10. 10. creator of the earth and stars has a beard? Maybe not; but can youimagine the Divine in a better way without taking all your fine humantraits from Him? We cannot imagine a love that created everything thatis, but we can imagine someone with a beard who loves us enough to havemade us. ”For awhile Hrim-faxi said no more and Jenny knew that he wasthinking. Then he asked in a gentle voice “Do you believe in me, Jenny?” “Of course. I can feel you and talk with you.” For just a momentthose last words seemed all wrong to the girl, but only for a moment. Shedid indeed feel Hrim-faxi beneath her and surely she was talking to him. A horse, she thought but said nothing. There was, after all, nothing tosay. She was talking to a horse, but a very special horse. “Hrim-faxi raised his head and began to trot again, at first still in thebreaking waves but after awhile further out. Jenny thought it verystrangethat though she felt the cool spray she was not wet. Surely by now theymust be in deep water yet the big horse seemed to only wet his hooves andOh!, she thought, the stars in your harness seem even brighter than before.Now the moon is as bright as it can be, but so too are all the stars in the sky. They passed the lighthouse which somehow did not need to lightanything, even the sea, though its beam was very bright when she lookeddown at it. Then she realized how high they were but could not dwell onthat thought since Hrim-faxi was soon on the bridge, no longer trottingbut galloping along it, seemingly as fast as he was able.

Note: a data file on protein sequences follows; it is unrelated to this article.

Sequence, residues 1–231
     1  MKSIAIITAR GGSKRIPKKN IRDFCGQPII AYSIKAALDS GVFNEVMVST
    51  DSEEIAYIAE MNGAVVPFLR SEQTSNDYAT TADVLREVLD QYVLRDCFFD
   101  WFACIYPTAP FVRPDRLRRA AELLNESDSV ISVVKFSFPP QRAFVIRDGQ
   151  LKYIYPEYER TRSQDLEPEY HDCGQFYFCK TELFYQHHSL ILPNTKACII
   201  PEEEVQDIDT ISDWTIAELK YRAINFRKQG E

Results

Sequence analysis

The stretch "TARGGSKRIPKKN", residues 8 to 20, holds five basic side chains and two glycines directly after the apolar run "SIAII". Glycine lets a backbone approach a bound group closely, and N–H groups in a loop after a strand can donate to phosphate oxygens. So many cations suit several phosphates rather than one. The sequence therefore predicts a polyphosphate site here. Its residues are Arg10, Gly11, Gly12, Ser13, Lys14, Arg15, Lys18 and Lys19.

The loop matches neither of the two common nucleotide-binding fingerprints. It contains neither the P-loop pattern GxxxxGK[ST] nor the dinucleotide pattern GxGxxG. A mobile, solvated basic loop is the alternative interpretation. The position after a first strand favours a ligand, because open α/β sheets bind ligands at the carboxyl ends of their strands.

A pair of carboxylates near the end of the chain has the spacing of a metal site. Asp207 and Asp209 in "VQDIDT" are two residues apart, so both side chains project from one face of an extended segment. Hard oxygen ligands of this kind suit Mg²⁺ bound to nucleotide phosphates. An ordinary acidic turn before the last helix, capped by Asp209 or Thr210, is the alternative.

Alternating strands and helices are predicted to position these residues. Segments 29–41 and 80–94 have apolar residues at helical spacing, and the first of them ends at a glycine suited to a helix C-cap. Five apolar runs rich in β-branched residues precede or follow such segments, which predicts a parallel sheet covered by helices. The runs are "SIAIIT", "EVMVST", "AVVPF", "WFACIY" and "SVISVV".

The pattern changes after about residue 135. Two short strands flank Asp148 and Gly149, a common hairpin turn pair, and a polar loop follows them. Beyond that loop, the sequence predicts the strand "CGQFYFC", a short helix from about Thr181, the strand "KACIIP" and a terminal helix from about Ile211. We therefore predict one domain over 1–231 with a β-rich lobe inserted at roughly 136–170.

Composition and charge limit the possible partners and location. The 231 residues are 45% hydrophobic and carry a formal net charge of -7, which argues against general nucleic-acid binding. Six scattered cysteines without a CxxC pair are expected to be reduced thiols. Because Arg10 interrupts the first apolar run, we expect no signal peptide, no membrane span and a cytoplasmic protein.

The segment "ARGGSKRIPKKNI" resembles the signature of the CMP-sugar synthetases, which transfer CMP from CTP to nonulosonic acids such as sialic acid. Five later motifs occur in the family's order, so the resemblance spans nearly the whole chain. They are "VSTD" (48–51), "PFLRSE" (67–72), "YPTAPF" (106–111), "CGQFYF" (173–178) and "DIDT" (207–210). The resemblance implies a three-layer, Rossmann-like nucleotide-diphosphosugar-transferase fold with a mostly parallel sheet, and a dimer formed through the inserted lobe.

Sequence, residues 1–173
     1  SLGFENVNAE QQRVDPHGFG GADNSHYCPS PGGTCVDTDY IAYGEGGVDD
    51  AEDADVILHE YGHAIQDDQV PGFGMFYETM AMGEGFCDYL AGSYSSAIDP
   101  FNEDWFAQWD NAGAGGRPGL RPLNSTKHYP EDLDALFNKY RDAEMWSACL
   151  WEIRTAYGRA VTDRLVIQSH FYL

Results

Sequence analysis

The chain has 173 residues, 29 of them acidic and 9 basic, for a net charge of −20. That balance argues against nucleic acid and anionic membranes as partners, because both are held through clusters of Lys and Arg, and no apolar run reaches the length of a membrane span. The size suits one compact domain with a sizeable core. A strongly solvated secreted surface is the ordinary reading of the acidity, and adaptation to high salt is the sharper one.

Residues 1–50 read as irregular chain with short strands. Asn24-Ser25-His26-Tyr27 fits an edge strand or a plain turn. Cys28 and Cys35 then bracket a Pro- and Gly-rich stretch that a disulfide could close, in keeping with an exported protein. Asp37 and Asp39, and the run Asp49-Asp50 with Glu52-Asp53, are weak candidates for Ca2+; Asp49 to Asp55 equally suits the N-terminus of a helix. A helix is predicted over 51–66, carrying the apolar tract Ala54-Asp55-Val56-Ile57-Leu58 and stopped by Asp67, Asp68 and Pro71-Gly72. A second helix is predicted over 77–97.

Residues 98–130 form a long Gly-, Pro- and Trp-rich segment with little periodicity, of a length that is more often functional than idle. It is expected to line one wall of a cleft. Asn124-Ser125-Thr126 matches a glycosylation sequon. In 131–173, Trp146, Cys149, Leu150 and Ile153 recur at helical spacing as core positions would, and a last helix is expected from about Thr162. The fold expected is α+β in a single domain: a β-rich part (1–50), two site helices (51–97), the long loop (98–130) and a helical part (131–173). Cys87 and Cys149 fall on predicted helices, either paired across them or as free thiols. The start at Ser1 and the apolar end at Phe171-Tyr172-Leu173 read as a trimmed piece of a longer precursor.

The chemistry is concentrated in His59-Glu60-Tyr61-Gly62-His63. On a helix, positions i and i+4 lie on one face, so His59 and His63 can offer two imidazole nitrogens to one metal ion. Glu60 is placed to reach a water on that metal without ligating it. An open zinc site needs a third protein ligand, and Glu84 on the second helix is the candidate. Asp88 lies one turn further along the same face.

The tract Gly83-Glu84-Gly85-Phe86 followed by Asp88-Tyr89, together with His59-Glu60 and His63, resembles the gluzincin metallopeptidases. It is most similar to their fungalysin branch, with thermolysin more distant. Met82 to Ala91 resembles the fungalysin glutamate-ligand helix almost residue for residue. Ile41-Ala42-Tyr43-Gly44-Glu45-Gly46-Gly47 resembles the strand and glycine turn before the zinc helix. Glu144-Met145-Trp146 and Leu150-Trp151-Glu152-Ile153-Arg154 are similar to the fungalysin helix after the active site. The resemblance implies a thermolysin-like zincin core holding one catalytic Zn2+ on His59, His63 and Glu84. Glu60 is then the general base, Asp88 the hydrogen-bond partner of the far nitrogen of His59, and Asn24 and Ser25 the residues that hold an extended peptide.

11. 11. They rode along the bridge toward the horizon where the sun stillgave a line of light at the start of night. It seemed that they rode for hoursand never caught nor lost that line; and the bridge itself was different.The stars were now no longer just overhead but beside and even below it,and in the bridge itself. They shone along girders of brass, a roadbed ofonyx, and in towers of silver. At last Hrim-faxi rode off the span but didnot stop. With Jenny holding onto his mane. ... indeed almost lost in ... heturned sharply and sped through the night down a road that ran betweentall old trees.